California’s unprecedented law requiring all public companies headquartered there to have at least one female board member by 2020 is drawing lawsuits, reports Axios' Courtenay Brown.
- Why it matters: Pressure to diversify corporate boards has historically come from shareholders and special interest groups. With California's law poised to take effect — and at least three states weighing similar legislation — critics are raising the question of government overreach.
The law sets a penalty of $100,000 in fines for public companies that don't have at least one woman on their board by the end of 2019.
- Opponents are hoping to block the law before it gets stricter: By 2021, companies with five-person boards will have to have at least two women, while boards of six or more will have to have three.
- Companies that refuse to comply more than once will be fined $300,000 per seat that should be filled by a woman.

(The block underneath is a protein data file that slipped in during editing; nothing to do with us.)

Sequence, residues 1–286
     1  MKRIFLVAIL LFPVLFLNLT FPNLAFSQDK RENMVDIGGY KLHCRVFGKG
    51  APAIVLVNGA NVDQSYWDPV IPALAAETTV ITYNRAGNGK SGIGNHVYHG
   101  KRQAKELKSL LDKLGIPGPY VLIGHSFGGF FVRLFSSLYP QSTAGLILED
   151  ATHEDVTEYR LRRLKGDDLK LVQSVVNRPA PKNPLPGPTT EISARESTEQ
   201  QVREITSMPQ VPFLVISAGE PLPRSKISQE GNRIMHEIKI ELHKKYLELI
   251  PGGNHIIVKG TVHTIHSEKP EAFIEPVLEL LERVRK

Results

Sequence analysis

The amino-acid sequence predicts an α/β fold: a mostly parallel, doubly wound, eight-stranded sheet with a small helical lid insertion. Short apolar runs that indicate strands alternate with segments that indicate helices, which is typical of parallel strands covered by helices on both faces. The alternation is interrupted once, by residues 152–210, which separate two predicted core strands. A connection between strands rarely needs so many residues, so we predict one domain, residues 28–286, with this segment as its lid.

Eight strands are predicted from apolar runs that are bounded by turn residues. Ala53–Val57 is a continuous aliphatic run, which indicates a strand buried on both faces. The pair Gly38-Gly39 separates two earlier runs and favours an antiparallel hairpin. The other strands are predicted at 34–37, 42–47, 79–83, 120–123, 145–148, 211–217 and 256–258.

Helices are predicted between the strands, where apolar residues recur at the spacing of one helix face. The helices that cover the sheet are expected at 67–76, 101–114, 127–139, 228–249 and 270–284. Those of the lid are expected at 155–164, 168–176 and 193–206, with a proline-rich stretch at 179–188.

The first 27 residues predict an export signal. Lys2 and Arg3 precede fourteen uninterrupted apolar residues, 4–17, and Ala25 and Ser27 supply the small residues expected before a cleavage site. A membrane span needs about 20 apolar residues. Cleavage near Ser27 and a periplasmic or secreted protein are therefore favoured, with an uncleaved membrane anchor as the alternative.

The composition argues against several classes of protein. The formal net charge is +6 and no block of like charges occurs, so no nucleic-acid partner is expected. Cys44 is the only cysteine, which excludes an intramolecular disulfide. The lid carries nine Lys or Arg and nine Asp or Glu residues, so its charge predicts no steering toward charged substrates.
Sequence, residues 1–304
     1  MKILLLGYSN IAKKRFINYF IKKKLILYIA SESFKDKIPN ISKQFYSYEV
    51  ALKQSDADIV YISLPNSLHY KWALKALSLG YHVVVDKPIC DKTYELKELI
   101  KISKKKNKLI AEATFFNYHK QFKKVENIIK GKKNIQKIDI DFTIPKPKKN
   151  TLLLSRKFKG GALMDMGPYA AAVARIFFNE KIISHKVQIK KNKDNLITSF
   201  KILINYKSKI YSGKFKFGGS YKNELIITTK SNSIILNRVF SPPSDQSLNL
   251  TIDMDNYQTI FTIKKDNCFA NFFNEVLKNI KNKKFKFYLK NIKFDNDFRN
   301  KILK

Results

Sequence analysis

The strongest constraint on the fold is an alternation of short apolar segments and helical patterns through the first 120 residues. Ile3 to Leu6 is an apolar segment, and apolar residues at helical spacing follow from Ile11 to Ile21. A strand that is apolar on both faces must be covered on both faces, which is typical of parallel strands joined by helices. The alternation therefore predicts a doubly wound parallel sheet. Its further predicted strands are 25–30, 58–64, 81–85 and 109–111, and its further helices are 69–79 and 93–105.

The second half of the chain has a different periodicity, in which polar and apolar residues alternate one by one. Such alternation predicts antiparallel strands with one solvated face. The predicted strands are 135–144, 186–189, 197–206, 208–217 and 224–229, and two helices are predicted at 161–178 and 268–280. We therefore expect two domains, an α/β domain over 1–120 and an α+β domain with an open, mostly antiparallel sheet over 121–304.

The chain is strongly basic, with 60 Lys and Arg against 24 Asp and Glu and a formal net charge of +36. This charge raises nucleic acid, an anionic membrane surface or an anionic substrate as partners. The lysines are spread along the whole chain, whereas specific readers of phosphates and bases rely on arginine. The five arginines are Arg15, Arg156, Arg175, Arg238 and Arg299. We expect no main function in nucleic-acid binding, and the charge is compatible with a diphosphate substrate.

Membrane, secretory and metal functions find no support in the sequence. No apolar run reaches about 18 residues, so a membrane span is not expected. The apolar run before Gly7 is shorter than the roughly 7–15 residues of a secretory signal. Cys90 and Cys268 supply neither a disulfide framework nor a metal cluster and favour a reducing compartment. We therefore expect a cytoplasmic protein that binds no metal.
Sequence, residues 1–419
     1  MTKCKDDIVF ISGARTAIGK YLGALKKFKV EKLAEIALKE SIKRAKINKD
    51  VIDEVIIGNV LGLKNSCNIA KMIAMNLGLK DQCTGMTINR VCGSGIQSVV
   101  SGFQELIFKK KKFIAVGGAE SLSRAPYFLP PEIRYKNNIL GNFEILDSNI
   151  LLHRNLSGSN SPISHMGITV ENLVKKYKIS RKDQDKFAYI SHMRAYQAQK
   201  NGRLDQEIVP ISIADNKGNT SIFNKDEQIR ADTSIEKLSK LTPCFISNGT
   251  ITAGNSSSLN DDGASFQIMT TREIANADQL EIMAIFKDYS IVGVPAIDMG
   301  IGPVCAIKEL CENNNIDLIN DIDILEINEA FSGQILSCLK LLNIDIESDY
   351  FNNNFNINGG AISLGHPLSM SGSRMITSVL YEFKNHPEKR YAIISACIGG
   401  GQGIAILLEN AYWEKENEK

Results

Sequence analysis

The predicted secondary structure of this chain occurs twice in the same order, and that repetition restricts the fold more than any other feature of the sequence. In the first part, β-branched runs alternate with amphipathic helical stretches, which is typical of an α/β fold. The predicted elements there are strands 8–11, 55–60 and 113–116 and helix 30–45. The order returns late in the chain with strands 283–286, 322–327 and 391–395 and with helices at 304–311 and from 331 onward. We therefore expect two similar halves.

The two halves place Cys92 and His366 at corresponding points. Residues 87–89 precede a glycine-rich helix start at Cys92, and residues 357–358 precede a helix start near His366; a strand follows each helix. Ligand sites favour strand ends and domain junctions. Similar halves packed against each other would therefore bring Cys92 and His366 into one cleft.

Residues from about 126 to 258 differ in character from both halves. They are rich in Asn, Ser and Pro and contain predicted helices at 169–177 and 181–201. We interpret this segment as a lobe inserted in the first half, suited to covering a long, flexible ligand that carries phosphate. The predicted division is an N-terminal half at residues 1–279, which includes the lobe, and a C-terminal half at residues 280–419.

The other side: A coalition led by the California Chamber of Commerce, said in a letter to lawmakers that by focusing "only on gender," the law "potentially elevates it as a priority over other aspects of diversity."
- In one of the ongoing lawsuits, the lead lawyer told the AP: "The law mandates exactly what the equal protection clause forbids — taking into account things like sex or race" in hiring.
The big picture: Most big companies subject to the law — like Google, Wells Fargo and Disney — have had women on their boards for years, prodded, in some cases, by backlash against all-male boardrooms.
- 70 of the 602 publicly traded companies headquartered in California were not in compliance as of July, according to research by Clemson University and the University of Arizona.
What’s next: Lawmakers in other states, including Massachusetts, New Jersey, and Washington, hope to follow California's lead.